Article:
What Will the Future of Professional Sports Look Like?

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A little over a century ago, professional sports were practically non-existent. Even players that were paid for their time and effort mostly did so alongside other work. Fast forward a little, and the players of 50 and 60 years ago were paid a full-time wage, but nothing like the eye-watering figures we see today. 

In fact, the first MLB collective bargaining agreement included a minimum salary of just $10,000. Even when adjusted for inflation ($81,000 today), that’s still a very small sum compared to the $925,258 new players are guaranteed in 2021/22. 

Stadiums were also much more modest, thanks in part to less-advanced construction technologies and team owners having smaller budgets. That, of course, is very different today, with most major teams having their own giant temples of sport made from steel and glass. 

It’s clear that most professional sports have become almost unrecognizable compared to what they were in decades gone by, but it is unlikely that they will stop developing. Instead, we’re going to see even more changes in the coming years. 

Goodbye Television

TV is almost single-handedly responsible for the commercialization and professionalization of sport since the mid-20th century. After consumers began hooking up television sets in their living rooms, broadcasters needed to find ways to attract larger audiences. 

They quickly realized that live sports were very effective at this, so they began to snap up the rights to games. As this practice evolved, the prices that were paid to sports leagues increased significantly. Today, most major leagues sell broadcasting rights deals for several billion dollars, which then finds its way into the accounts of teams and players, creating hugely successful franchises and wealthy athletes

So as IPTV technology changes our watching habits, you might find it difficult to believe that sports leagues would want to upset the status quo by looking for ways to replace television. But that is exactly what they are doing.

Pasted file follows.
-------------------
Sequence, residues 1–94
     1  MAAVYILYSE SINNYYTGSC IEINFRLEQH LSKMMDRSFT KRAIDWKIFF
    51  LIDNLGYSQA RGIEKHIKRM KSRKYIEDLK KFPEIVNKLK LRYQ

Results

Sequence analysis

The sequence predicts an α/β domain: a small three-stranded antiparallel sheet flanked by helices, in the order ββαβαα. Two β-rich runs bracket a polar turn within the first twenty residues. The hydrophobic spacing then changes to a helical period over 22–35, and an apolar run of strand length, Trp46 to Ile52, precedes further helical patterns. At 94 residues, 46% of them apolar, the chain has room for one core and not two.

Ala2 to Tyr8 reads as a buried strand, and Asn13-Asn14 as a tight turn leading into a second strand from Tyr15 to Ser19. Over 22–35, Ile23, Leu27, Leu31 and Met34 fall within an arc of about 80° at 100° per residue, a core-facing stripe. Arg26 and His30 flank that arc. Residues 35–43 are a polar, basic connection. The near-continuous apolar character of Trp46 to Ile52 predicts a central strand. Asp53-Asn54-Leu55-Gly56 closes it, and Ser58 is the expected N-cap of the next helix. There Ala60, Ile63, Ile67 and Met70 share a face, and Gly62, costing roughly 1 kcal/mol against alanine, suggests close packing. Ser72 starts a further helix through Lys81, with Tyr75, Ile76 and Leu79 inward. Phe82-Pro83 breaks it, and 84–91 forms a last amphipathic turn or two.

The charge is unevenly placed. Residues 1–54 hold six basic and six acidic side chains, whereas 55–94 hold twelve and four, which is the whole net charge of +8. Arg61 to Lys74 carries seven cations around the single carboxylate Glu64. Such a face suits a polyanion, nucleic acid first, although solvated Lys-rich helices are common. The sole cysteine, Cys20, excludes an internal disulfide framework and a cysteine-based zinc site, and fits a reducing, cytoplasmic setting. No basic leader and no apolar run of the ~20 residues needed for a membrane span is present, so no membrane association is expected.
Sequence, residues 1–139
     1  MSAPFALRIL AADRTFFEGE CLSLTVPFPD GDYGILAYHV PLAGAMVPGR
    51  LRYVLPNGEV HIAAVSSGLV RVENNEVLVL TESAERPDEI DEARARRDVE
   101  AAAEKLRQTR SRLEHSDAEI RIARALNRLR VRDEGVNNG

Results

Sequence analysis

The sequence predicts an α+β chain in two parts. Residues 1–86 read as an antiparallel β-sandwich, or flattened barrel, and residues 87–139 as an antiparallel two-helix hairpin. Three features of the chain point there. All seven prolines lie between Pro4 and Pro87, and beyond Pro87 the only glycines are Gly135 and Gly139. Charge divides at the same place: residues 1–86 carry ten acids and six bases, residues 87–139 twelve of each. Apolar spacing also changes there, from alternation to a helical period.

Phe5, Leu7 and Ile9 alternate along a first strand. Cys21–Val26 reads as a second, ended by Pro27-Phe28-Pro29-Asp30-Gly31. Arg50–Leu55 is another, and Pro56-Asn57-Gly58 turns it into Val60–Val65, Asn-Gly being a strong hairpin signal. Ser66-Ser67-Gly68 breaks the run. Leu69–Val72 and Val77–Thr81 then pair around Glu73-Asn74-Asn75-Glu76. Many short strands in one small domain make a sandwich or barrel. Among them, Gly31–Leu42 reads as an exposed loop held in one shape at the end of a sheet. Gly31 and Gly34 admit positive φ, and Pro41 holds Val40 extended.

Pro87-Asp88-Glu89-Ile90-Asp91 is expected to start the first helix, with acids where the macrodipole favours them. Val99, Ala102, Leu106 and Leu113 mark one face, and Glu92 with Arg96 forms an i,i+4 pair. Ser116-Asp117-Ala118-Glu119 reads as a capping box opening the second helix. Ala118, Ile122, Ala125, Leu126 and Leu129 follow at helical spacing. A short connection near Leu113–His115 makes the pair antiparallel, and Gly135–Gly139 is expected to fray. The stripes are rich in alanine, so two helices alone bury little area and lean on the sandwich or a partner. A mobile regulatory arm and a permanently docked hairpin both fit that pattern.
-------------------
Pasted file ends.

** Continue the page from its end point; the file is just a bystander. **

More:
Professional Sports

All major US sports leagues, Formula 1, and the English Football League have developed their own private streaming services to sell packages directly to fans. By cutting out the middle-man, leagues have calculated that they can make more money and, in theory, charge fans less. 

Right now, these streaming services sit alongside traditional television, but expect the latter to be phased out as the years progress. This will cause quite a headache for major broadcasters as they often rely on sports to attract customers to their other services. This is why you can’t usually buy just a sports package, rather than the typical bundles that are offered. 

With the future of their businesses at stake, there might be just as much competitive wrangling off the pitch as there is on it.

More Data

Data is already an important part of professional sports. In American leagues like the NFL, stats are used for just about everything, from comparing the performance of individual players on TV to helping coaches make playing decisions. Data is also used by bookies. You can learn how to be a bookie quickly and easily.

In more recent years, sports right across the world have begun to collect more data on their players and matches, and find new and exciting ways to use it. In many major leagues, including the NFL, NBA, NHL, and EPL, as well as tennis and golf tournaments, data is fed back to services like Betway betting to give their customers more insight into how the game is going and what their experts expect the outcome to be.

As with just about every other area of life, this data collection will only continue to increase. 

In Formula 1, the sport has been finding new types of data to collect and new ways to harness it. In the interests of safety, all drivers now wear a “bionic glove” that collects information about their vital statistics so that, in the event of a crash, the sport’s doctors can monitor their condition before they even arrive on the scene. It has also been experimenting with displaying more information to viewers through its on-screen graphics.

Other sports have begun to follow suit, so we’re likely to see even more of this in the coming years.